It's been a tough week for stocks as investors adjust to the
reality that the Federal Reserve won't be providing any more
liquidity to the U.S.
. Get ready for more tough weeks ahead, too --
is about to get underway and companies look poised to deliver
that range from so-so to disappointing. That's because Europe
remains in a weak condition, and Asia isn't looking much better,
As an example, technology firm
Polycom (Nasdaq: PLCM)
just slashed its first-quarter guidance, noting that sales in Asia
will grow less than 10% from a year ago, well below recent 15% to
25% year-over-year growth rates. In the United States, Polycom now
expects sales to rise just 1% to 3% from a year ago. That shortfall
led to a quick 20% beat-down in the stock.
I hold a similarly cautious view. As I'll note in a moment, there
will be a few quarterly shortfalls in my
$100,00 Real-Money Portfolio
as well, though that won't lead me to make any moves, as these
stocks already trade at deep-value levels. The key takeaway: these
stocks could see renewed near-term selling pressure, but still look
poised to post solid gains for the next 1-2 years.
Here's a quick preview of two key portfolio holdings. (I will help
set expectations for other holdings in the portfolio as earnings
This aluminum producer looks set to kick off earnings season next
Tuesday, April 10, on a sour note. Analysts expect the company to
lose a nickel a share, before turning a $0.12 a share
in the current quarter. Both of those views now look too
optimistic. That's because aluminum prices have fallen nearly every
day for two straight weeks. As of Thursday, April 4, aluminum sold
for $0.93 per pound on the
, which is a 10% drop in the past month.
I'm concerned that the consensus forecast for the first quarter
doesn't fully account for weak industry conditions in March. And I
simply can't see how Alcoa can earn the $0.12 a share that analyst
expect in the current quarter.
In hindsight, I am glad
I locked in some small gains
in mid-March when I sold half of my position in Alcoa.
And here's the strange thing... If Alcoa's results are as bad as I
fear, then I'd likely buy more stock. That's because the stock will
no longer be vulnerable to unrealistic future expectations, and
more importantly, could create a better backdrop for the company.
Recall that Alcoa is the lowest-cost producer in the industry.
Aluminum at $0.93 per pound causes Alcoa to report aGAAP loss, but
still generate a modestly positive operatingcash flow . But at that
price, many of Alcoa's rivals are flat out losing money. Low
aluminum prices will lead some of these firms to follow Alcoa's
lead by shutting capacity. This should cause prices to firm later
this year, and perhaps much better pricing in 2013 as the global
economy picks up steam. That's why I remain a long-termbull on
Domestic auto sales have been trending better than most expected
just three months ago, which should have enabled Ford to meet or
exceed first-quarter consensus estimates. But the automaker may in
fact trail profit forecasts, earning up to a nickel less than the
$0.38earnings per share (
) consensus. I take that view after parsing through Ford
management's comments regarding current business trends at this
week's New York Auto Show .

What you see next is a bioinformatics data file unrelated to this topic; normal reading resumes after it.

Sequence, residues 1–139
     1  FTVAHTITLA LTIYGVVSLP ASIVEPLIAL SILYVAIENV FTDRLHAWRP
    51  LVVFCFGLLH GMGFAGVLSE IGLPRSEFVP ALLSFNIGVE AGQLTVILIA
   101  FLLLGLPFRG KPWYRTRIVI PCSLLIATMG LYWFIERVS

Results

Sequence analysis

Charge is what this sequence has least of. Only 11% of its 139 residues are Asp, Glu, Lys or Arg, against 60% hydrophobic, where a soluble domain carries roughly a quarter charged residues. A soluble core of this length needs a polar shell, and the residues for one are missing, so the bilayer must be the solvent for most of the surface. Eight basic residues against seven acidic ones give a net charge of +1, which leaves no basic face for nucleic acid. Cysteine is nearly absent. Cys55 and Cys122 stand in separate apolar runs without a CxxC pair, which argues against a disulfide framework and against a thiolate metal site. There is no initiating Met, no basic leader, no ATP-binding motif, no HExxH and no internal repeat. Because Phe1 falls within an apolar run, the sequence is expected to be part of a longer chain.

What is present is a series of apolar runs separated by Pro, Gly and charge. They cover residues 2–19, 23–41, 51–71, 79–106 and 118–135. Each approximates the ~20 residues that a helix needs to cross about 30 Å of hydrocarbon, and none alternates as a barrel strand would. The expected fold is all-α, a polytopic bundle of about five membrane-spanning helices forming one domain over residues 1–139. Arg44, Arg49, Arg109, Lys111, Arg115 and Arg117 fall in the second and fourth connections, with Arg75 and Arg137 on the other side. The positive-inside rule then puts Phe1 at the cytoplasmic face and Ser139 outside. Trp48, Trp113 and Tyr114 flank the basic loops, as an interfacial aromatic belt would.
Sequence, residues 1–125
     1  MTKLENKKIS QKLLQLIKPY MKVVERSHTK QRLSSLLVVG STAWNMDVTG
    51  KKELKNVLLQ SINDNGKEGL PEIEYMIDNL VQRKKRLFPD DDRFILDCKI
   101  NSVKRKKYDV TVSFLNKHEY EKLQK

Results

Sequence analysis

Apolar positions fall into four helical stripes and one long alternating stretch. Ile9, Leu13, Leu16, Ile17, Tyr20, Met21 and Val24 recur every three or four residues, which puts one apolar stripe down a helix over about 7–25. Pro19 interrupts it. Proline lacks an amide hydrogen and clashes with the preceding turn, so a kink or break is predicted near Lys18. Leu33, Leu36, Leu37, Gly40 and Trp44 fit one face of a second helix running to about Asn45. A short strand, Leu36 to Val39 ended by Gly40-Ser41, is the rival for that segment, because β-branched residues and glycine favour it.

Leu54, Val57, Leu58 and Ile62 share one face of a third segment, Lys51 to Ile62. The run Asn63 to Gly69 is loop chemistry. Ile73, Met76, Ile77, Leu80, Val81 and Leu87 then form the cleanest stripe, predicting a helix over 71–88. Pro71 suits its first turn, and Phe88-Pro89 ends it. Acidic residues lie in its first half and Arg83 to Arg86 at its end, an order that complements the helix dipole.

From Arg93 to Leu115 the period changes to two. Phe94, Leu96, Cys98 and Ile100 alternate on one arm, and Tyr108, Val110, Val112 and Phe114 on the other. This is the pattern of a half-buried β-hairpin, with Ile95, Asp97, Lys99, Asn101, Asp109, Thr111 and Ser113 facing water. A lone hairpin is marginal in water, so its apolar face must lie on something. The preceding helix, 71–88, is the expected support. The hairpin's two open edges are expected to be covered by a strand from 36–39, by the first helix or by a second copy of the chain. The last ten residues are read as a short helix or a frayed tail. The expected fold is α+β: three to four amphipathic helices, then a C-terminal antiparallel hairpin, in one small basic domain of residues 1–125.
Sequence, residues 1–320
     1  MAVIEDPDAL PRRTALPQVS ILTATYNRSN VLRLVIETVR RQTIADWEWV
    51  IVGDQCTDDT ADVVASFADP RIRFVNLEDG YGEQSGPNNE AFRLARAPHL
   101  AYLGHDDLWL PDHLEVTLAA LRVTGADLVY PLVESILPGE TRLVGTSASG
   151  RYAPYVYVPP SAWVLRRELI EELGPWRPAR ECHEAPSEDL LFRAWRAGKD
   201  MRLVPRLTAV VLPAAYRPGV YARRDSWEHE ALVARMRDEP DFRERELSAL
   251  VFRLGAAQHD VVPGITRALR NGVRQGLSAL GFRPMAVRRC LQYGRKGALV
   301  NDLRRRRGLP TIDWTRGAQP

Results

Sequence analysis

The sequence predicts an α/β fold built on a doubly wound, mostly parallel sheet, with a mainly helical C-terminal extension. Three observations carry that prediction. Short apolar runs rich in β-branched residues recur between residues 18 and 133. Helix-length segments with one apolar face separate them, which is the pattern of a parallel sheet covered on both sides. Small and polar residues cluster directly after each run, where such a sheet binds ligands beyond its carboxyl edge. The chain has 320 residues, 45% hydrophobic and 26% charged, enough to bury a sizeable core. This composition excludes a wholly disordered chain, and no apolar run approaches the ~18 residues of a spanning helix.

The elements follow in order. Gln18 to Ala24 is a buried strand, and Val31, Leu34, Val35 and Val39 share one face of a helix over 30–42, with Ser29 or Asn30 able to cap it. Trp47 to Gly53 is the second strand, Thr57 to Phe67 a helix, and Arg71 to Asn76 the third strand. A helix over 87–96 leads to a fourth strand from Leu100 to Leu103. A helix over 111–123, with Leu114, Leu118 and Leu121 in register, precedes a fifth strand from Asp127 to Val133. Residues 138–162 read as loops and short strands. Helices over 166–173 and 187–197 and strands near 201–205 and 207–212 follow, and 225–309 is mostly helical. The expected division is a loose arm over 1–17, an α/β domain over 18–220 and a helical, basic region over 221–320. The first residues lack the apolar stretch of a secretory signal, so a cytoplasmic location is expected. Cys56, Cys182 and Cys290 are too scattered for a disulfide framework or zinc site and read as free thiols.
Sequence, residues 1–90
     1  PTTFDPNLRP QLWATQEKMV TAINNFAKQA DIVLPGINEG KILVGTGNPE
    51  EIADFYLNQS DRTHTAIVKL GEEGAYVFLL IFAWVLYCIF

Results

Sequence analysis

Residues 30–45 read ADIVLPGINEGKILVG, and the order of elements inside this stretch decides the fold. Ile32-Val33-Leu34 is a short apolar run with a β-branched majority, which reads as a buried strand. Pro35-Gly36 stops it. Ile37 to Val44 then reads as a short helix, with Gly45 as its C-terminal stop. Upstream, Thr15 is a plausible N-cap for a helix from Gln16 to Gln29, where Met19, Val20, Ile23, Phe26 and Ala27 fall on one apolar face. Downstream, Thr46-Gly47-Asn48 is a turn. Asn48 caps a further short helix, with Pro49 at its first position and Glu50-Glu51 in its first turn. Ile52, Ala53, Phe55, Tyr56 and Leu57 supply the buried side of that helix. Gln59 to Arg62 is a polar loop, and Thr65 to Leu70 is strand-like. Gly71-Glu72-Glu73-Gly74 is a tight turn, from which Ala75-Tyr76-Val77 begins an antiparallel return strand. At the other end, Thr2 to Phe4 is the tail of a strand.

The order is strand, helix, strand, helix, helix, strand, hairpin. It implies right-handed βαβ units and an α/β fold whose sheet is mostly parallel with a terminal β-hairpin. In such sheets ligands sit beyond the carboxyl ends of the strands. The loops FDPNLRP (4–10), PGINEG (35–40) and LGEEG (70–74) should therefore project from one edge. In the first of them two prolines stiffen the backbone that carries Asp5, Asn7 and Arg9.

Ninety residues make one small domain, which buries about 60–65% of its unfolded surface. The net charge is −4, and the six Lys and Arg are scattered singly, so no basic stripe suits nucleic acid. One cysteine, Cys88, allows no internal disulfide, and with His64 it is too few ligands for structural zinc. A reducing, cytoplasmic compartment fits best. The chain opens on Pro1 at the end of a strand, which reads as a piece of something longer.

The key negatives:
• Ford's Latin American division likely lost even more money in the
first quarter than it did in the fourth quarter of 2011. That
region has seen slowing growth, especially in Brazil, so dealers
were stuck with high inventories that need to be drawn down.
• Europe has not gotten any better, and management guides for a
similar sequential loss as was seen in the fourth quarter.
(Notably, management thinks European results will markedly improve
later this year on the heels of a product cycle refresh.)
• Ford underestimated the strength of the U.S.
and didn't build enough of the most popular vehicles. The good news
is that scarcity brings firm pricing, and Ford points to
trends in North America. Ford will be sharply boosting production
this summer to regain any lost
Still, this is a company on a clear upward long-term trajectory.
It's crucial that you not lose sight of the fact that Ford now has
the best management team in the business, an extremely competitive
line-up of cars and trucks, a
that has never been this strong, and major
to meet the rising auto sales expected in the next few years.
Despite the first-quarter shortfall, the outlook for the rest of
2012 is strong enough that full-year
consensus forecasts of around $1.50 a share -- an 8% gain -- still
look quite attainable. And if Europe and Latin America stabilize in
2013, then Ford could easily earn $2 a share or more -- compared to
the current $1.70 a share consensus. Simply put, you need to sit
tight on a stock that has that kind of
yet trades for just $12.50 (a forward P/E of about 6).
Risks to Consider:
Spain and Italy are showing troubling signs in recent days as
yields move up, so the "stabilizing Europe" thesis for 2013 may not
come to pass, hurting both Alcoa and Ford along with many other
Action to Take -->
You shouldn't be too concerned about deep value stocks like Alcoa
and Ford as we head into a tricky earnings season, but you do need
to assess the wisdom of some of your more richly-valued
-- David Sterman
David Sterman does not personally hold positions in any
securities mentioned in this article. StreetAuthority LLC owns
shares of F, AA in one or more if its "real money" portfolios.